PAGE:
Using Premade Glass Block Windows For Industrial, Factory and Commercial Projects


Energy and maintenance costs from inefficient old windows can be huge profit drains on commercial, industrial and factory building alike. Traditional solutions have ranged from storefront windows (which are easy for vandals to break) to blocking openings up (which can reduce employee productivity and detract from a commercial building’s looks). With advancements in prefabricated glass block window panel systems any size factory or industrial building can simultaneously improve curb appeal while reducing heating and cooling costs.

In this article you’ll learn 7 practical steps for a successful commercial or factory glass block window installation.

Step 1 – Choose where you want to use the block windows and the main benefits desired- Glass blocks can be used as an interior window (to move light through interior spaces) or for exterior openings (for basement, bathroom and upper story windows, transoms, stairwells, corridors, learning boards and sidelights etc.). Some of the main reasons to consider block windows are to improve safety and light transmission, reduce energy and maintenance costs, and to increase a building’s marketability and curb appeal.

Step 2 – Identify any special performance requirements – There are several specialty lines of glass blocks used in industrial factory and commercial projects. For higher security applications there are solid 3″ thick Vistabriks, for increased 60 and 90 minute fire ratings choose the Thickset series blocks, and for more decorative looks for interior and exterior windows consider colored and etched blocks. In addition there are high privacy patterns and frosted glass blocks that create more muted light transmission into interior spaces.

Step 3 – Consider ventilation needs – Most people think about using block windows in factories and architectural applications as solid expanses of glass, but operable air vents can be used inside the panel assemblies to increase air flow into building spaces. Air vents are available in both aluminum and vinyl hoppers and sliders to combine the need for security with the benefit of a fully operable windows. If security is a concern smaller air vents in 16″ x 8″ and 24″ x 8″ sizes are common.

Step 4 – Measure the size of the openings and evaluate the structural elements surrounding the windows – When installing block windows in masonry openings measure the height from the top of the sill to the header plate and the width from each side of the window opening (in most commercial remodeling projects the existing metal, aluminum or wood framed window will be removed for a successful block window installation). For commercial wood framed openings measure the area inside the existing window sashes.

Take a look at the structural materials around the window frame. Look above the window for the condition and type of header. For most metal framed windows in masonry construction there will be a metal lintel (i.e. steel plate at the top of the opening that is carrying the weight of the masonry above the window). See if the lintel is in good shape or if it’s excessively rusted or sagging. If you see a sagging header plate it may need to be replaced prior to a glass block commercial window installation. Also look at the condition of the supporting angles or beams the windows may be attached to.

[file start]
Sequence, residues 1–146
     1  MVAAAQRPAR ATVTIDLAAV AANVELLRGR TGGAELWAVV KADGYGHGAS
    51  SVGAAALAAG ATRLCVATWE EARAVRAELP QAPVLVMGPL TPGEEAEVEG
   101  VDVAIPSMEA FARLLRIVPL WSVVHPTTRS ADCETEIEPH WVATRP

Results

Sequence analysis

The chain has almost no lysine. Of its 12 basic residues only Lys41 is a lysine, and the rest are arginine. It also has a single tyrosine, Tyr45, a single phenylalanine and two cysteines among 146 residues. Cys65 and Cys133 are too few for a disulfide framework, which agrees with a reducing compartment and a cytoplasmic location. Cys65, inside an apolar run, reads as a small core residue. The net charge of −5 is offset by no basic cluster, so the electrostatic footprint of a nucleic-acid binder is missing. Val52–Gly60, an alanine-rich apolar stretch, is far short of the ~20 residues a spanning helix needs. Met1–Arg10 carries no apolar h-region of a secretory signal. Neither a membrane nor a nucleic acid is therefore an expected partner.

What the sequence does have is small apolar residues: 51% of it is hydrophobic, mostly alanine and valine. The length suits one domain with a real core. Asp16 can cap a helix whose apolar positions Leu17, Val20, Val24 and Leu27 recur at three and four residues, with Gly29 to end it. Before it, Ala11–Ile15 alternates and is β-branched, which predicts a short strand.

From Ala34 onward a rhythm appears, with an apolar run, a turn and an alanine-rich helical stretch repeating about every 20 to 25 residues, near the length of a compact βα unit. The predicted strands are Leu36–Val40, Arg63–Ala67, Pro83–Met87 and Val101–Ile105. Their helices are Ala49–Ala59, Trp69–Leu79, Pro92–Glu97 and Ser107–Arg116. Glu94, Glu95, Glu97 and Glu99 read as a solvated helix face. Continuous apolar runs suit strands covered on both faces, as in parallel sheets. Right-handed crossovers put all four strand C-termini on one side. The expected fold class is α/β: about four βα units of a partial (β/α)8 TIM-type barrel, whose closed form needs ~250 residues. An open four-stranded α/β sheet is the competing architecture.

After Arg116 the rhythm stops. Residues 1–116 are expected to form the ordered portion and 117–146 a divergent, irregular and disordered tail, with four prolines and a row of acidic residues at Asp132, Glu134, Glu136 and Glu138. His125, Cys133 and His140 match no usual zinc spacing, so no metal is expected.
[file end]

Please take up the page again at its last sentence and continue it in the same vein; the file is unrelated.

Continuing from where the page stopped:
Step 5 – Determine the size of the block panels and any structurally supportive material needed – For most smaller openings no additional structural materials (i.e. angles, I-beams etc.) is usually needed. In these instances after you have the measurements call a block panel fabricating company to see how many glass masonry units will be needed to fill your opening (note – the blocks can be made in 2″ size increments and the final panel sizes can be varied through the type (either mortar or silicone) and size of the joints).

Step 6 – Installing the commercial block assemblies – Since each individual block weighs about 5 ½ lbs. the size of the panels will be determined by trading off the ability to handle the units with the desire to minimize the number of panels that need to be joined together. Another consideration will be given to who(m) will be installing the assemblies (how much weight they can comfortably handle) and the location of the windows (how high are they to the sill and how easy they are to get to).

For smaller openings most window panels are set plumb and level and then are mortared into place (then the mortar joints can be field grouted).

Larger openings will often use mill finished aluminum channels at the tops (heads) and jambs (sides) to provide more ability for the assemblies to expand and contract. In projects with larger panels the channels are first screwed into the openings and expansion foam material is put inside the channels. The panels are set plumb and level in the openings, anchored to the channels and caulked into place. Vinyl stack panel assemblies then can be field grouted.

 


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